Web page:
Apologies to Paul Simon, but when I looked at the long list of design ideas I compiled while at the International Builders’ Show in Orlando, I thought I’d try to mention 50 of them—a nice round num
Outdoor Spaces Go Upmarket
Well-designed exterior living enhances a new home’s appeal in all types of climates
Private Residence, Winter Park, Fla.
Builder/Architect: Phil Kean Design Group, Winter Park
Photo: Uneek Luxury Tours/Courtesy Phil Kean Design Group
This courtyard home uses 12-foot sliding glass doors to open the interior living space to the lanai. The lanai itself is 1,132 square feet and features a koi pond, a summer kitchen, and an outdoor dining and seating area. Opening the home to the outdoors doubles the home’s living space.
Once used only for seasonal barbecues and summer pool parties, the humble back patio is now a year-round destination. Sherman Jones, project director for Robert Hidey Architects (RHA), in Irvine, Calif., ought to know: Covered outdoor living spaces are an integral part of RHA’s new-home designs—regardless of home size. “Whether as standard features or as optional amenities, these alfresco rooms have helped extend living areas to the outside, where homeowners can enjoy the year-round moderate Southern California climate in a protected setting,” Jones says.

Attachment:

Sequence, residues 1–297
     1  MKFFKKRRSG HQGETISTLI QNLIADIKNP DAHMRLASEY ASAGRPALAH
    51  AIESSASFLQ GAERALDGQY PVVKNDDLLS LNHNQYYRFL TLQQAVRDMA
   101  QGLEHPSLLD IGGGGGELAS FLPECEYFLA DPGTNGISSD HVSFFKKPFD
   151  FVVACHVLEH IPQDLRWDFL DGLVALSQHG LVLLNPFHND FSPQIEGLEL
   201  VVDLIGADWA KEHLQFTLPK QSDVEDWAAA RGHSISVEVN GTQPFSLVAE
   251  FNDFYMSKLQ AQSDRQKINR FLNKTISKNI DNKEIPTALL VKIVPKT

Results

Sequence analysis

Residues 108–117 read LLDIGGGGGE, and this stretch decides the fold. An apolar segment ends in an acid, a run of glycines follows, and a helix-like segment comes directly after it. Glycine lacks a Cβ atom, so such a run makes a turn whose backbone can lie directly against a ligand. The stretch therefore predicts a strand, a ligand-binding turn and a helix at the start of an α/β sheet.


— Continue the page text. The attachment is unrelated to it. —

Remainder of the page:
Bring the Inside Out
Even in harsher climates, new homes sport amenities such as ceiling fans, integrated space heaters, and outdoor wood- or gas-burning fireplaces for seasonal relaxation, he says. Depending on the needs of the individual buyer, outdoor spaces can be outfitted for a variety of uses, from casual dining to well-appointed family entertainment rooms, fully equipped outdoor kitchens, and occasional living rooms.
“Adding to the allure are expansive glass-paneled walls, which are replacing the standard sliding or French doors of past designs,” Jones says. “Multi-folding doors retract to the sides, while pocket doors disappear into adjacent walls, allowing for unabated vistas and circulation. Finishes flow smoothly through these broad openings, creating a seamless transition from the indoors to the outside world.”